Low’s bill was sponsored by Santa Clara County District Attorney Jeff Rosen, a Proposition 47 supporter who argued for the need “to reduce the number of individuals sent to prison and to reduce the time that nonviolent offenders are sent to prison for.”
“But we must draw a line between nonviolent crimes like petty theft and violent crimes like rape. Rapists should go to prison, period,” Rosen said. “We have room in our prisons for rapists.”
Civil libertarians, public defenders and even some anti-gender violence activists question that assertion.
In requiring prison terms, AB 2888 embraces a policy of mandatory minimum sentences that many criminal justice reformers have rejected as disastrously rigid. They have decried mandatory drug sentences, in particular, for filling prisons and shattering communities of color.
A coalition that included campus-based organizations and the National Alliance to End Sexual Violence sent Brown a letter urging him to veto AB 2888, calling mandatory minimums “a harmful, mistaken solution to our rightful anger over the Brock Turner case.”
“We have 40 years of experience in California that show mandatory minimum sentences, like California’s three-strikes law, increase racial disparities and lead to more people of color going to prison for more time,” said Natasha Minsker, director of the American Civil Liberties Union’s Sacramento office. “We’ve made this mistake over and over again.”
Yet even lawmakers who have fought to reduce drug penalties supported sending more sexual assailants to prison.
“We all respond to horrific crimes in our districts and we feel a responsibility to do something, and oftentimes it has been to the detriment of the proportionality and consistency of our Penal Code,” Sen. Mark Leno, D-San Francisco, who battled mandatory felony sentences for drugs, said during a committee hearing. But he voted to crack down on assaults of unconscious victims, who he said are “the weakest, the most indefensible, the most vulnerable.”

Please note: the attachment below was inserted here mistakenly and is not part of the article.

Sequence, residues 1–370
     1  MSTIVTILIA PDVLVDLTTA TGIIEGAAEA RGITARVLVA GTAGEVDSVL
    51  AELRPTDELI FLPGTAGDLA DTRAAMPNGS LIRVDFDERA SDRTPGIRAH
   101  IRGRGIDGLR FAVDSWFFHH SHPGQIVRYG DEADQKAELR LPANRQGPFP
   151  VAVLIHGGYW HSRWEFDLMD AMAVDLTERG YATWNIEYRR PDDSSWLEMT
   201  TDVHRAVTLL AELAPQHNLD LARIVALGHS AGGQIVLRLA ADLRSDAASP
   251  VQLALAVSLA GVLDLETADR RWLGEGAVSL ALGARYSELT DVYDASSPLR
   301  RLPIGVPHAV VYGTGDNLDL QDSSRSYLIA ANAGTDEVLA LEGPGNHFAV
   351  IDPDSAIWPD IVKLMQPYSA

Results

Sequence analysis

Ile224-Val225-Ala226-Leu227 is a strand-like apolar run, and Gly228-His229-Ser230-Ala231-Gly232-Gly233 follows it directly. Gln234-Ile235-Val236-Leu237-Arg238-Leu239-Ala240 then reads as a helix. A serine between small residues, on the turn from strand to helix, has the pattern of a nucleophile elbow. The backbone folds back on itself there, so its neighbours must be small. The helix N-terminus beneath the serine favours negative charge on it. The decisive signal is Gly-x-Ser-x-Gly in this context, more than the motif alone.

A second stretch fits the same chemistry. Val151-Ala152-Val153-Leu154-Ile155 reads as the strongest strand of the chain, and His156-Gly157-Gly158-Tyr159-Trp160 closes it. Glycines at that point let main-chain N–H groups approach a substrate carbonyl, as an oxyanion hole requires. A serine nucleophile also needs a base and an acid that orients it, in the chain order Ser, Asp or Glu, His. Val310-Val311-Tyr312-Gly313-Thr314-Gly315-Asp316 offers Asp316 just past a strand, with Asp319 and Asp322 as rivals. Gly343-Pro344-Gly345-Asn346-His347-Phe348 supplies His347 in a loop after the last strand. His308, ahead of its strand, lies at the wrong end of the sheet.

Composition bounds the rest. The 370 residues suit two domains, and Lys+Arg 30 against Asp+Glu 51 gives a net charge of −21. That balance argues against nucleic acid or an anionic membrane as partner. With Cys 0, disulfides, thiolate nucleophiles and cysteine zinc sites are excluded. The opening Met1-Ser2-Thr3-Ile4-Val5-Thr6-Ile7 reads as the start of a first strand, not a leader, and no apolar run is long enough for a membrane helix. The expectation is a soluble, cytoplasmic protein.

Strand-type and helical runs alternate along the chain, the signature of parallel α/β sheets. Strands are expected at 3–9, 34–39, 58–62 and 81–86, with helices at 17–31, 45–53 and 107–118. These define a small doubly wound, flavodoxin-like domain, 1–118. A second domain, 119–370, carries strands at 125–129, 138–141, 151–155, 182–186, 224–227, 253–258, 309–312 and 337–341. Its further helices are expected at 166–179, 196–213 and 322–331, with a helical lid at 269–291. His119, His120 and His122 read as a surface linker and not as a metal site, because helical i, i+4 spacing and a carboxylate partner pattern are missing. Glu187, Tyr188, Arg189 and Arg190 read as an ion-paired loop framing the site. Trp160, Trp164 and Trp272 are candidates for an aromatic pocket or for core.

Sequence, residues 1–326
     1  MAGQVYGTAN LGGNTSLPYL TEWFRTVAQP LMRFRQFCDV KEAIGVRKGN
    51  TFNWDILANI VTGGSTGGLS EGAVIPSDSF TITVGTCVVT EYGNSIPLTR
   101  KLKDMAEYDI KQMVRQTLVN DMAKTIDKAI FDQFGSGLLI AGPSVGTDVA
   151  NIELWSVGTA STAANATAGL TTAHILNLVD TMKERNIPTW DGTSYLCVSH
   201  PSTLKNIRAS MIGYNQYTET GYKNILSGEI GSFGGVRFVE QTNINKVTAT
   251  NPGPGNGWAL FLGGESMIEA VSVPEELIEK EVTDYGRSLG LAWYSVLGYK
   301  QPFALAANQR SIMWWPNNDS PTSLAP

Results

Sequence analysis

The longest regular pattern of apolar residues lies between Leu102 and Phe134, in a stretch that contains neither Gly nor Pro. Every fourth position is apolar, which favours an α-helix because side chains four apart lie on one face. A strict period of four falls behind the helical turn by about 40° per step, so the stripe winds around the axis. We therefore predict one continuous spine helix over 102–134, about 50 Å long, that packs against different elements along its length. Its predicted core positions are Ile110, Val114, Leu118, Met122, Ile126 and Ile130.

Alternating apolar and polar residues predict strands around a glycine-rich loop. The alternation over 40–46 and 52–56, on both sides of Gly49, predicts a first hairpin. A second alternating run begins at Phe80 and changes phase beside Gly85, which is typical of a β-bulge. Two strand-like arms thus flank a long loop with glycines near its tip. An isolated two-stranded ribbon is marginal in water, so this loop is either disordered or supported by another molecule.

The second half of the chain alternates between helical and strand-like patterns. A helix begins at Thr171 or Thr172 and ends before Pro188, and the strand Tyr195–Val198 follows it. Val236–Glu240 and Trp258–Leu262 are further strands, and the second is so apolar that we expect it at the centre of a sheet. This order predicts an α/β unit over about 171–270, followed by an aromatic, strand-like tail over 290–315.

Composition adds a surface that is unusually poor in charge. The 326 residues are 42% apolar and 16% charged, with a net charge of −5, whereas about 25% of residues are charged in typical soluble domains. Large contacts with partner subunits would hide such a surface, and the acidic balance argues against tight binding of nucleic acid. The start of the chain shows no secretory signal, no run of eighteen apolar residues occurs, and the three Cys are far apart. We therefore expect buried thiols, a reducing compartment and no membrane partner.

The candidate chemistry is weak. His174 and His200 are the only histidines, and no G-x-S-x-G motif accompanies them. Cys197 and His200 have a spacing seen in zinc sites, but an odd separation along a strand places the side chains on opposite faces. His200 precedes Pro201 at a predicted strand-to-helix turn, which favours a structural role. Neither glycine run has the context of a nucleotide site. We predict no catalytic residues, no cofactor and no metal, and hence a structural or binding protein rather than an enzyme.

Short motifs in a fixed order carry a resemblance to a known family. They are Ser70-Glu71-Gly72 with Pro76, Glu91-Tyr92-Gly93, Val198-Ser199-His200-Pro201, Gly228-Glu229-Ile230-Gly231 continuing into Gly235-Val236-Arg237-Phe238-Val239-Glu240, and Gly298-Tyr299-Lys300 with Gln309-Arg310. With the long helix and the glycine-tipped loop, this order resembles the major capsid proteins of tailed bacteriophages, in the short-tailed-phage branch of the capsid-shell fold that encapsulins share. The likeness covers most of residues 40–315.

Public defenders also worry the proposed laws would shift the balance of power too decisively toward prosecutors. They say a required prison sentence could push innocent people to plead guilty or, in other cases, force trials that victims are reluctant to endure.
Defending against rape allegations after more than a decade (generally the current limit) is nearly impossible, they argue, as memories fade and witnesses can’t be located. Current law essentially suspends any limits when a DNA match emerges.
“You really run the risk of convicting the innocent,” said Alameda County Public Defender Margo George. “Justice evaporates with the absence of a statute of limitations.”
But there’s a broader societal argument made by advocates of tougher sexual assault laws. For too long, they argue, such crimes have been ignored or brushed off as minor youthful transgressions. Cracking down on perpetrators can correct that.
“I think we live in a culture of rape, and until we start changing some laws and make sure rapists know that the Legislature, the state, is behind victims, I think it continues,” Leyva said.
Particularly troubling, Rosen and allies say, is the prevalence of sexual assault on college campuses. Turner was not so much an outlier, Rosen argued, as a routine crime that caught enough attention to illuminate its ubiquity.
“We’ve had many studies that talk about how much sexual assault their college campuses, and there’s been no legislation to address that,” Rosen said. “Sometimes it takes such a case to galvanize the public’s attention.”
Original article posted by The Sacramento Bee
By Jeremy B. White
Click here to read the original article.